A couple of weeks ago I gave a wrap of my visit to Pagar Alam including a brief list of things to do. I thought I’d expand on that list and give a bit more detail on these things to do as Pagar Alam really is worth exploring.
1. Gunung Dempo
Gunung Dempo is ever present on the skyline of Pagar Alam. No matter where you go, you can see this 3150m tall volcano tower above the surrounding countryside. And the cool thing about Gunung Dempo is that you can climb it!
Climbing it really requires a guide and you can either do it as an overnight hike or a one day hike. The overnight hike starts during the middle of the day and ends in the middle of the next with no night hiking required.
The one day hike requires hiking to start at about 2am in order to get a good view of sunrise. The descent ends at about midday and is very difficult. The practicalities of the hike can be read here and guides can be arranged from any of the hotels in town.
If you’re not interested in hiking, you can also get a great sunrise from a lookout half way up Gunung Dempo that is accessible by car or motorbike. Renting a motorbike is the cheapest way to do this, but a car and driver can be rented from most hotels as well.
Check this map for the location of the lookout.
2. Tea Plantations
The tea plantations of Pagar Alam line the slopes of Gunung Dempo. BESH hotel actually sits right in the middle of the plantations as do a number of other hotels. BESH at this stage is the only one bookable online.
To get to the tea plantations, simply drive towards the Gunung Dempo lookout mentioned in the point above. Along this road, you will be driving right through the tea plantations. The views are incredible and there are often people picking the leaves. This means there are great opportunities for photos.
There are said to be over 80 waterfalls to visit in and around Pagar Alam, but really disappointingly the information on these waterfalls is a tightly guarded secret. I think I remember seeing a map of them on a presentation given by some consultants when I was in town, but this is useless. Unless tourists can get their hands on these maps, waterfalls are going to be a tough sell in Pagar Alam.
Luckily, I was taken to 3 waterfalls when I was there and can provide details on how to get there.
7 Memories Waterfall (Cughup Tujuh Kenangan)
Cughup Tujuh Kenangan is a large waterfall which is a short but steep hike from the parking area. It’s a good place for a swim and you’ll be the only visitor if you come on a weekday. There is no official entry fee, but because the path to the waterfall goes through private property, you will need to give some cigarette money to the local people. Rp10.000 per person should be enough.
Bowl Waterfall (Cughup Mangkok)
Cughup Mangkok is a pummelling waterfall which barrels out of the forest into a large pool. It’s an ideal place for a swim and you can even test your swimming skills under the actual waterfall. I didn’t get a chance to go for a swim here, but the location is set up for swimming… so yeah, it’s perfect for that really.
Green Paradise isn’t really a waterfall location per se… well there is a waterfall there, but you mainly go here to swim in the water which comes directly from a spring underground. The water is so clean and pure that there is even a drinking water bottling plant nearby.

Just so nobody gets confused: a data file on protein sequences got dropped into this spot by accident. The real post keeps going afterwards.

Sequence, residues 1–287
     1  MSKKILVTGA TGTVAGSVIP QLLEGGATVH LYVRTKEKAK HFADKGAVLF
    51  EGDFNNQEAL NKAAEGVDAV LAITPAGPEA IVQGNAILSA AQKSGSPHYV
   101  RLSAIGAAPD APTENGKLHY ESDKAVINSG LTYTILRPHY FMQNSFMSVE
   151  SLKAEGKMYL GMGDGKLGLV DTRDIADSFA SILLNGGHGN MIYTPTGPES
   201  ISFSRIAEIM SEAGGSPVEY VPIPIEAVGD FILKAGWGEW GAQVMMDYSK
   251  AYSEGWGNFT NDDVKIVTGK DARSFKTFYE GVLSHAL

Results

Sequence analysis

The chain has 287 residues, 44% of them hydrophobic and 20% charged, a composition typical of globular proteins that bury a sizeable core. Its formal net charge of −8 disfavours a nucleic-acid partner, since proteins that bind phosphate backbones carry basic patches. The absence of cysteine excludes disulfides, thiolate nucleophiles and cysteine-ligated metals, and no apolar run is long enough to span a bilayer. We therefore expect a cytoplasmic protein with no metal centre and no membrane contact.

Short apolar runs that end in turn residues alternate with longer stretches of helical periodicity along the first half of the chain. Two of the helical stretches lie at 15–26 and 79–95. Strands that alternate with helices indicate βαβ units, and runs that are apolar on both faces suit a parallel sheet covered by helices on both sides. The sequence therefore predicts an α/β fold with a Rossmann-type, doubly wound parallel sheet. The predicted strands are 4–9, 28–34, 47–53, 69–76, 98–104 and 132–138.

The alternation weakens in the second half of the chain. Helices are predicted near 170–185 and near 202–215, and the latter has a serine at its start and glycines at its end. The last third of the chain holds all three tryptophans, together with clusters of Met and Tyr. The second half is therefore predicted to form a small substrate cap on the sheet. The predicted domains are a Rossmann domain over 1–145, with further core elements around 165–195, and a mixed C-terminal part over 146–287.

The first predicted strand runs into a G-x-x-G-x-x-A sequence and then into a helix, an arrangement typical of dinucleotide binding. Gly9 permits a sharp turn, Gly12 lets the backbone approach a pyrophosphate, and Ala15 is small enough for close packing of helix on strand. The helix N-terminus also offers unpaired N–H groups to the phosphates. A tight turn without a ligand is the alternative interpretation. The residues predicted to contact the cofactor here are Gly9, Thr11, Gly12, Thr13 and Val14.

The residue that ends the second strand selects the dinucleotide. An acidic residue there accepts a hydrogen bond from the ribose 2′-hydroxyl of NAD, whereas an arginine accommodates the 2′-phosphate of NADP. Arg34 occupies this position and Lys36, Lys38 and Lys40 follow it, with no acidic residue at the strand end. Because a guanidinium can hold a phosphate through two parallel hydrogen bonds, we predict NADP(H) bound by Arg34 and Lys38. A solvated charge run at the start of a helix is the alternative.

When I was there there was a group of kids jumping off rocks into the pool and generally having a great old time. A top place for a swim! A small entry fee is payable at the front. Rp5.000 from memory.
So the megaliths around Pagar Alam are on of the big selling points of tourism in the region. Now, megaliths are quite a niche attractions as some people just aren’t interested in this sort of history. But if you are, the megaliths of Pagar Alam are awesome.
Many of the megaliths are between 2,000 and 4,000 years old and are located in the middle of ricefields. Unfortunately, maps of the megaliths are hard to come by and visiting on your own is a little difficult. One megalith that I do remember the location of is here.
I really loved these hotsprings and wish I had more time to enjoy them. Located about 30km from the centre of Pagar Alam, a scenic motorbike or car ride is required to get there. And really, the scenery along the way is stunning and worth the ride alone.
The hotsprings are odd. The hot water bubbles up from a river bed meaning that it immediately mixes in with the cold river water. This is great because at its source, the water is incredibly hot. So hot that you can cook an egg in it. Down stream from the source of the hot water you can just laze around and soak in the warm water.
A small fee is required to enter the area mainly because the local village paid for the concrete path out of their own money (apparently).
6. Old Church
If you’ve gone to the hotsprings, you may as well visit Gereja Santo Mikael or St. Michael’s Church. Built back in 1938 to replace an earlier church, it represents the strength of Catholicism in the village which arrived in the 1800s. Incredibly, Dutch missionaries were living in this remote area since the 1800s — it seems they were everywhere!
So there you have it. That’s my pick of places to visit in Pagar Alam. They’re all pretty cool places and can easily be visited over the course of two days. Definitely worth a visit, especially if you’re doing an overland trip through Sumatra.